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American Quarterly 57.3 (2005) 593-610

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Introduction Legal Borderlands:

Law and the Construction of American Borders

On the coast, at the California-Mexico border, a rusted sheath of metal extends from the beach into the ocean, dividing the waves. There, grains of sand become attributes of different sovereignties. Two nations are brought together at this edge; at the same time, their inhabitants are marked with national identities; they come together wearing the marks of sovereignty inscribed by the border. Yet while it classifies and codifies subjects, the border cannot contain sovereignty itself. The border marks a space that American power proceeds from.

The metal edge on the beach descends into the ocean. From the beach it looks as if it might extend to the horizon, dividing the ocean floor. There are borders, not marked by metal, throughout the ocean. They mark a nation's territorial waters, a sovereignty of currents and of sea life. The boundaries around U.S. territorial waters are not outlined by physical structures; they exist on the shelves of law libraries, their dimensions defined in treaties. Instead of a metal edge, there are words on a page.

The words that place seashells into the category of American sovereignty are the technology of law. Such words are attached not only to unseeable ocean borders. They are embedded in the metal edge on the beach; they are inscribed on bodies on either side. Law defines national borders; it delineates the consequence of borders for the peoples within them. It does not contain sovereign power, but law has an imprint on national power wherever it is exercised.

This volume interrogates law's role in constituting American borders. One project of American studies scholarship has been to explore American culture and history in relation to the rest of the world.1 But the global turn in American studies raises new questions about the boundaries of the field and of the reach of "America" itself. Once we view the United States in a global context, [End Page 593] once territory—formerly the implicit boundary around American studies—is decentered, it becomes important to ask what the frame is around "American" studies, and to ask how, in a global context, U.S. borders and identities are constructed. Law is one window through which to look at the construction of American borders. Law is an important technology in the drawing of dividing lines between American identities and the boundaries (or lack of boundaries) around American global power. Borders are constructed in law, not only through formal legal controls on entry and exit but also through the construction of rights of citizenship and noncitizenship, and the regulation or legitimation of American power in other parts of the world.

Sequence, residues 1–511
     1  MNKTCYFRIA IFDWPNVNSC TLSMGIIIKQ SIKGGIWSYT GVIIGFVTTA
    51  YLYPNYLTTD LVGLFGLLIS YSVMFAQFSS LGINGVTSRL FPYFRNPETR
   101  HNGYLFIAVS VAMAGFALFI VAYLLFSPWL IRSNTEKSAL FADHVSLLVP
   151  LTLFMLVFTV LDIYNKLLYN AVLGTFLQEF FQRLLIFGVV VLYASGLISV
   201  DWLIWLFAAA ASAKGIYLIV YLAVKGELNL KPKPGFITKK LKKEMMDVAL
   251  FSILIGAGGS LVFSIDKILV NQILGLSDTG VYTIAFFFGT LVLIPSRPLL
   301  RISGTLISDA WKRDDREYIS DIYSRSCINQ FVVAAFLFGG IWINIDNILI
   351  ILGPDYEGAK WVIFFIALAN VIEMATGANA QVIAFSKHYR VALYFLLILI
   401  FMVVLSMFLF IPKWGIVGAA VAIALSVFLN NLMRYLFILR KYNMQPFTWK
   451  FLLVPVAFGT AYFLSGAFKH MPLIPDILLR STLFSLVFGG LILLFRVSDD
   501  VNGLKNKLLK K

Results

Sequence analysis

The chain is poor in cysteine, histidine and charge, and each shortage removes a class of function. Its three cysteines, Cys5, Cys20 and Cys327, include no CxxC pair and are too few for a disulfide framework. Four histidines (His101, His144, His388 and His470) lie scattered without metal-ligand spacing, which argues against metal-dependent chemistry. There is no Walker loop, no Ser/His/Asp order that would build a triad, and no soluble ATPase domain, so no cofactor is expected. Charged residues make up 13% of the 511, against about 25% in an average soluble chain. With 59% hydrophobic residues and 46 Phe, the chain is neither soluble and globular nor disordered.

The essays in this volume highlight the multiple ways law figures in American borders. Law has always been there in borderlands writing, although law and American studies scholars have often operated in separate intellectual spaces.2 It was not at the surf, but in the desert spaces of what we call the Southwest, that Gloria Anzaldúa powerfully rendered the force of law in the role of la migra, the border patrol. "In the fields, la migra," she writes.

My aunt saying, "No corran, don't run. They'll think you're del otro lao." In the confusion, Pedro ran, terrified of being caught. He couldn't speak English, couldn't tell them he was fifth generation American. Sin papeles—he did not carry his birth certificate to work in the fields. La migra took him away while we watched. Se lo llevaron. He tried to smile when he looked back at us, to raise his fist. But I saw the shame pushing his head down, I saw the terrible weight of shame hunch his shoulders. They deported him to Guadalajara by plane. The furthest he'd ever been to Mexico was Reynosa, a small border town opposite Hidalgo, Texas, not far from McAllen. Pedro walked all the way to the Valley. Se lo llevaron sin...


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